Diwali- The Indian New Year

Diwali, (festival of lights) a popular Hindu festival which celebrates the triumph of good over evil is celebrated in conjunction with the Hindu New Year all over the world. 

By Nimra Ahmed 

‘Diwali’ or the ‘festival of lights’ is a religious festival for Hindus and ties in with the Hindu New Year. It is celebrated by Hindus, Jains and Sikhs. Diwali means ‘row of lights’ in Sanskrit. It is a five day festival between October and November depending on the moon sighting. Diwali is generally a time for visiting family and friends, exchanging gifts, wearing new clothes, feasting, feeding the poor, and setting off fireworks. Diwali represents the triumph of good over evil, light over darkness and wisdom over ignorance.

For the Hindus, it stands for different traditions in various area. In the north of India, it symbolizes the victorious return of Prince Rama with his wife, Sita, and brother, Lakshman, from a 14-year-long exile and war. People of Ayodhya lit lamps along the way to light their path in the darkness. In the south, it is the day Lord Krishna defeated the demon king Narakasura. In western India, the festival is the day that Lord Vishnu, the Preserver (one of the main gods of the Hindu trinity) sent the demon King Bali to rule hell.

For the Jains, Diwali is the day when the last of the Jain Tirthankaras, Lord Mahavira, reached nirvana, also known as complete knowledge and enlightenment.

For the Sikhs, Diwali is a story of the struggle of freedom because  it celebrates Guru Hargobind’s, (the sixth guru) victory from Emperor Jahangir, who had him imprisoned and 52 other princes with him, in 1619. Guru Hargobind did not leave the prison for freedom until he was able to take the princes with him.

Diwali- by Nimra Ahmed.

Many consider Diwali to be a fresh start, similar to the Lunar New Year in January. Many people clean, renovate, decorate their homes and buy new clothes in preparation for the upcoming year.

The ‘Tilak ceremony’ is where the hosts apply a red ‘Tilak’ (made of red paste) on the forehead to welcome and honour guests. 

The colours for Diwali are: Red, Yellow Magenta, Blue . Rangoli’, which means “an array of colours” in Sanskrit. Rangoli is a tradition that dates back nearly 5,000 years to the Aryans.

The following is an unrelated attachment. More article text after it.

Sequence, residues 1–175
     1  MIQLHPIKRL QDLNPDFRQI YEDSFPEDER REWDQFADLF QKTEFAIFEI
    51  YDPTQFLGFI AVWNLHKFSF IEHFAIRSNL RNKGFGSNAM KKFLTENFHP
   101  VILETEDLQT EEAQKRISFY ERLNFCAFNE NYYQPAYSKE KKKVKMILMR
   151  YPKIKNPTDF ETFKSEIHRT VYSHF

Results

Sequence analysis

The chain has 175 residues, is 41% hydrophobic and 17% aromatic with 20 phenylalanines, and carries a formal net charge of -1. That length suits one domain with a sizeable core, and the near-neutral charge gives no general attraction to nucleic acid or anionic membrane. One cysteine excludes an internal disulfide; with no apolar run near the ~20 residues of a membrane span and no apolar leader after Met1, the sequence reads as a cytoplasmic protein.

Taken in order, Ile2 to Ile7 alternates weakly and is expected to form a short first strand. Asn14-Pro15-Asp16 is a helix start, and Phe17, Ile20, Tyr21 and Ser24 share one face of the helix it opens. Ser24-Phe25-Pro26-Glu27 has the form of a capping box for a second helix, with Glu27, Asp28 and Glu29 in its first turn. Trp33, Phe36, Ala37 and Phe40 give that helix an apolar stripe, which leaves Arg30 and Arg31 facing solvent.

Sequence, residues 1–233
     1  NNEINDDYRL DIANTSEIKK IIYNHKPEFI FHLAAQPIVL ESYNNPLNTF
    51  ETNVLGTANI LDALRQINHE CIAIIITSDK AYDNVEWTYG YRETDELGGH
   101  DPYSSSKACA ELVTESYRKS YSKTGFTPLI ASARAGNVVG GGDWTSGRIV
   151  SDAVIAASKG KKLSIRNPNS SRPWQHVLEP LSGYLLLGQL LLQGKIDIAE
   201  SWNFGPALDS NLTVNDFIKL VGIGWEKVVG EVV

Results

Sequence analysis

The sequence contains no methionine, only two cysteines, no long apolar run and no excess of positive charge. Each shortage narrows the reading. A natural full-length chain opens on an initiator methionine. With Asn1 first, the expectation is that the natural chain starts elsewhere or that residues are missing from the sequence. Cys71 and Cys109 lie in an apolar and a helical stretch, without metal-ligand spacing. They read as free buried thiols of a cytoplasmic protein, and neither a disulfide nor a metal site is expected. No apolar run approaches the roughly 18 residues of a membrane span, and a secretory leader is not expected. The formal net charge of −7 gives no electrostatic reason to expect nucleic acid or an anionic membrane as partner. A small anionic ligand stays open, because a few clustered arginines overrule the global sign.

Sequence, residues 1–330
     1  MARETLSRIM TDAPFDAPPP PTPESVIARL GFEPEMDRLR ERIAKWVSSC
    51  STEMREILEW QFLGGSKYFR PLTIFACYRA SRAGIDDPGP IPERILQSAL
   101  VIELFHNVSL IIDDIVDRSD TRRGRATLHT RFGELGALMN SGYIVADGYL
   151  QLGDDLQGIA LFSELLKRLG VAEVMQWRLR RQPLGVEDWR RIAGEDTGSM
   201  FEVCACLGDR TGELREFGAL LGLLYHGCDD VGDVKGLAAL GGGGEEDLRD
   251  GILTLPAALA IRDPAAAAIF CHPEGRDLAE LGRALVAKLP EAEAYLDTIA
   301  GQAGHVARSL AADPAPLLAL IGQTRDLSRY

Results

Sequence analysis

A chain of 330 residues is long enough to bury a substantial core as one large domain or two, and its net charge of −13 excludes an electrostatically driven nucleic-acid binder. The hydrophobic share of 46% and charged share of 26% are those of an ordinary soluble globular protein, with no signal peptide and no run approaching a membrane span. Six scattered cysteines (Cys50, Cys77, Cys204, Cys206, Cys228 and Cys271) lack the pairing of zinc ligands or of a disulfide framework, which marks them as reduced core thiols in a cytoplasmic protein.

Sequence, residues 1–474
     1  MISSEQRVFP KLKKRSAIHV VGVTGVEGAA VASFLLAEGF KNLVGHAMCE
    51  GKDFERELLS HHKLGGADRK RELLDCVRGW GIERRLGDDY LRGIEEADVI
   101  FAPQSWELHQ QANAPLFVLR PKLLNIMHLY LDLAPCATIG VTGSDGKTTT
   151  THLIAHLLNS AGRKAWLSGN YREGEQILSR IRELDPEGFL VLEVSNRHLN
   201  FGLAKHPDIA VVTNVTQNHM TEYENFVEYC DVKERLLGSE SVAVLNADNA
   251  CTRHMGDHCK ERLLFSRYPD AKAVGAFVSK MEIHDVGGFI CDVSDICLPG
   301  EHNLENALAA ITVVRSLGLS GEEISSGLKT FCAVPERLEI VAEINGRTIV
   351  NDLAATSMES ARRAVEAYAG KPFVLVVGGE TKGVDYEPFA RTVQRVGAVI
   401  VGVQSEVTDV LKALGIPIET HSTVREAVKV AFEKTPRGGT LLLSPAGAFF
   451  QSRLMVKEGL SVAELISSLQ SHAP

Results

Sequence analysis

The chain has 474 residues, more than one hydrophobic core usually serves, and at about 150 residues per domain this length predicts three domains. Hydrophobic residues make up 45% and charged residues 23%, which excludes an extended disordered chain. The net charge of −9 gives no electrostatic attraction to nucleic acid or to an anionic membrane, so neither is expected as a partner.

Rangoli has different names depending on the  Indian state and culture. They are usually made outside the main entrance, in the early mornings after cleaning the area as a welcoming gesture to the Gods for good luck. Rangoli designs are bright, colourful and beautiful made using rice, flower petals or coloured sand. Rangoli is intended to welcome Lakshmi (the goddess of wealth and good luck) into their homes and lives. It represents the happiness, positivity and liveliness of a household.   

During Annakut,  people prepare and offer a large variety of vegetarian food to Lord Krishna as a mark of gratitude. There are 56 different dishes. Annakut means ‘mountain of food’. The story behind it is that Lord Krishna saved the people from torrential rain by lifting Govardhan Hill as shelter, so the ‘mountain of food’ represents the hill and the food represents the people’s gratitude towards Lord Krishna. 

The national Indian dress for men is Kurta (shirt) and pajama (bottoms). Kurta is a long loose shirt, which falls below or may be just above the knees. It used to be worn by men but now it is a uni -sex dress. For the women it is the sari. There are many other traditional dresses depending on which area of India you belong to. The word ‘sari’ comes from a Sanskrit word meaning ‘strip of cloth’.  

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